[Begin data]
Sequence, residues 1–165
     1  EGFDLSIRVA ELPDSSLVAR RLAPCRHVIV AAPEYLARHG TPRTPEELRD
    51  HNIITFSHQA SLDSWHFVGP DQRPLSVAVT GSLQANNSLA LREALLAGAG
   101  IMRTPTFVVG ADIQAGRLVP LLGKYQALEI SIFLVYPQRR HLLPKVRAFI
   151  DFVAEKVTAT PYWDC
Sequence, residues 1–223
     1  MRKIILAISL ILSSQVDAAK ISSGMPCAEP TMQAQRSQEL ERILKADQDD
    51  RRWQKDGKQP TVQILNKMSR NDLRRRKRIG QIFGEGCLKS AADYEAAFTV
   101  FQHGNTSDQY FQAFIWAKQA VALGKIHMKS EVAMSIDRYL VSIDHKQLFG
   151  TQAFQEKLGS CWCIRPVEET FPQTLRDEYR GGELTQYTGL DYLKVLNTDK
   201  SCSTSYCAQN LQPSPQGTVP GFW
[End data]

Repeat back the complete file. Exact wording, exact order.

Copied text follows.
Sequence, residues 1–165
     1  EGFDLSIRVA ELPDSSLVAR RLAPCRHVIV AAPEYLARHG TPRTPEELRD
    51  HNIITFSHQA SLDSWHFVGP DQRPLSVAVT GSLQANNSLA LREALLAGAG
   101  IMRTPTFVVG ADIQAGRLVP LLGKYQALEI SIFLVYPQRR HLLPKVRAFI
   151  DFVAEKVTAT PYWDC
Sequence, residues 1–223
     1  MRKIILAISL ILSSQVDAAK ISSGMPCAEP TMQAQRSQEL ERILKADQDD
    51  RRWQKDGKQP TVQILNKMSR NDLRRRKRIG QIFGEGCLKS AADYEAAFTV
   101  FQHGNTSDQY FQAFIWAKQA VALGKIHMKS EVAMSIDRYL VSIDHKQLFG
   151  TQAFQEKLGS CWCIRPVEET FPQTLRDEYR GGELTQYTGL DYLKVLNTDK
   201  SCSTSYCAQN LQPSPQGTVP GFW